Triple Bridge Gateway
Port Authority of New York & New Jersey Tunnels, Bridges, and Terminals Department
Client Management Team
Les Eslinger (project manager), John Lesko (senior program manager), Paul Crist (program director)
Port Authority of New York & New Jersey Engineering Department (design lead), PKSB Architects (project architects), Leni Schwendinger Light Projects Ltd. (lighting design)
Port Authority Engineering Department
Donald Fram (chief architect), Dale Serventi (senior architect), James McCormack (coordinating architect), Robert Parsekian (architectural graphic designer), Viorel Borza (electrical engineer), Fred Royer (mechanical designer), Stewart Sloan (senior structural engineer), Paul Salvatore (construction resident engineer), Manuel Ortega (construction engineer), Ken Wright (inspecting engineer)
Henry Stolzman (principal in charge), Kentaro Tsubaki (project architect)
Leni Schwendinger Light Projects
Leni Schwendinger (principal in charge); David Lander, Jodi Geroux, Charles Cameron, Eric Chenault (lighting designers)
Going Sign Corp. (identification signage); Electronic Theatre Controls (dimming and control equipment); Hess America, Holophane, Insight Lighting, Kim Lighting, Let There Be Neon, Lithonia Lighting, Thorn Lighting (lighting suppliers); Total Containment Systems (chain-link fence)
Defoe Corporation (general contractor), Flack + Kurtz (electrical engineering), Hardesty & Hanover (structural engineering),
Hellman Electric (electrical sub-contractor)
The Triple Bridge Gateway establishes the Port Authority of New York and New Jersey’s 42nd Street Bus Terminal as a premier example of urban placemaking and identity lighting, by reenvisioning a structural rehabilitation to the bus ramps spanning Ninth Avenue in the district known as Hell’s Kitchen.
Buses and cars emerge from the Lincoln Tunnel, crossing over and under a complex of ramps and roads leading to the bus terminal and mid-town Manhattan. Four ramps span across the wide swath of Ninth Avenue. Previously painted a deep brown, these ramps characterized the unwelcoming landscape for which this neighborhood was once widely known.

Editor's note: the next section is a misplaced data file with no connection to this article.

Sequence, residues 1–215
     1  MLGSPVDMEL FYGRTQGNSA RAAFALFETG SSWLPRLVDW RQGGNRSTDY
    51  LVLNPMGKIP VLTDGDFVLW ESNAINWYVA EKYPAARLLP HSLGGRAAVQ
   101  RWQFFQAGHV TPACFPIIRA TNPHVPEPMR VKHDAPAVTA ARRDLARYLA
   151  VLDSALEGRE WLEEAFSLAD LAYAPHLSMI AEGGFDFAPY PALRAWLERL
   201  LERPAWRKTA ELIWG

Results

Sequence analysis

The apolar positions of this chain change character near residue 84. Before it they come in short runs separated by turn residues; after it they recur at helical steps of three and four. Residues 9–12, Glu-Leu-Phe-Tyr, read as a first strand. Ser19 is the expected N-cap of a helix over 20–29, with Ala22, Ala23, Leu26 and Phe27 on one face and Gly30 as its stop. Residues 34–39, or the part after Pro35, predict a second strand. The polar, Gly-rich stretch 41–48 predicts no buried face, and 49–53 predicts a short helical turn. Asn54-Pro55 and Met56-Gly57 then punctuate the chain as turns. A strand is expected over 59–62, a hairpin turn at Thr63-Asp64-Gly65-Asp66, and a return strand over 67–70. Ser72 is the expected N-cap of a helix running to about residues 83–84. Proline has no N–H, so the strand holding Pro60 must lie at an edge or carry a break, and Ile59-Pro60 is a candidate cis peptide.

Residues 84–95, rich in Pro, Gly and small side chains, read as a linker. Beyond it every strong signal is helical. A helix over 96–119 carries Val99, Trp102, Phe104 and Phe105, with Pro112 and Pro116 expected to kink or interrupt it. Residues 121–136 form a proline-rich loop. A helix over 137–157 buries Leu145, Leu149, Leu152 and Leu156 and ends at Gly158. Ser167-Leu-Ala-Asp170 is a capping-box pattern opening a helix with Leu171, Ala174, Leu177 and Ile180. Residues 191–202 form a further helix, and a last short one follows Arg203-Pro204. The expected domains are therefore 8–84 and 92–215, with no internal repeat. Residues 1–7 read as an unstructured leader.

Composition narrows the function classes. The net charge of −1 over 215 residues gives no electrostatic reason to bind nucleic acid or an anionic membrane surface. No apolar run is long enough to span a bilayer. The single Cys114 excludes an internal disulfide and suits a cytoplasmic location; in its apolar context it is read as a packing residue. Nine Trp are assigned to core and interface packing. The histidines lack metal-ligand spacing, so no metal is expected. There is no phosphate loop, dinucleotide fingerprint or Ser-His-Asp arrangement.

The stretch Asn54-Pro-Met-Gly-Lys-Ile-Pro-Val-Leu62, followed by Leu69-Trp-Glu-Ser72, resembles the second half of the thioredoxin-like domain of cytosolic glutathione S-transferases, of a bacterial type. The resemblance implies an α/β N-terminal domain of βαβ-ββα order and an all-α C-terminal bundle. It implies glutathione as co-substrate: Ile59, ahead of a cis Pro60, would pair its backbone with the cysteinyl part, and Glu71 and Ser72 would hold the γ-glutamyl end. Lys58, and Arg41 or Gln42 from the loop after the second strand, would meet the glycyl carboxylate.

In 1994, the Port Authority proposed a visual upgrade as a part of planned infrastructure improvements. The bus terminal, one of many transportation facilities owned and managed by the bi-state agency, is the largest and busiest in the nation, literally connecting the island of Manhattan with the North American mainland by way of the Lincoln Tunnel.
The local Manhattan Community Board conducted a Request for Ideas. The goal was to transform the overpasses, newly named Triple Bridge Gateway, into a distinctive landmark fusing utility with visibility. Local residents, businesses, students, designers, and architects submitted 44 responses. An exhibition and symposium were held to publicize the ideas.
The Port Authority initiated a Request for Proposals in 1994. In 2001, the project was undertaken by a multidisciplinary team including light artist Leni Schwendinger. The artist’s objective was to create a “luminous room,” a destination and a meeting place as well as a second “front door” to the Bus Terminal.
Design choices, from lighting to color pattern, were selected to emphasize the bridges’ I-beam structure, referencing 1950s industrial forms. Pendant-mounted, high-polish, adjustable reflector panels “pierce” the scrim, and metal-halide sources on the east and west walls of the underpass focus onto panels that, in turn, cast reflected light patterns onto the street. Reflections visually unify the bridges’ existing lines and spaces.
Lighting fixture selection was limited to industrial units that could withstand vibration and cold weather. Standard lighting fixtures utilized in innovative ways illuminate the metal mesh. Reflective panels produce a carpet of light onto the roadbed.
A computer-sequenced illumination scheme plays year-round on a weekly rotating schedule of visual compositions: Chambers of Color, a formal, defined, and discrete focus on the beam structure and corner shapes; Spectacle, a bright, bold “loud volume” composition; and Reflections, which creates dappled light on the roadbed.
The project cost was $2 million, which included additional architectural modification to the building such as a new titanium façade, storefront, marquees, and bus terminal signage, as well as the lighting project. Fourteen years after the Community Board survey was conducted, and eight years after its design, the project was unveiled in 2008.
“The strategic and graphic use of colored light transforms this typically dismal urban space into a memorable and pleasant experience for the commuter/visitor. It celebrates the industrial architecture rather than trying to conceal it. Simple and elegant.”
“Very successful example of an emerging phenomenon: transformations of unique urban areas from dreary and overbearing spaces into celebrations of local uniqueness.”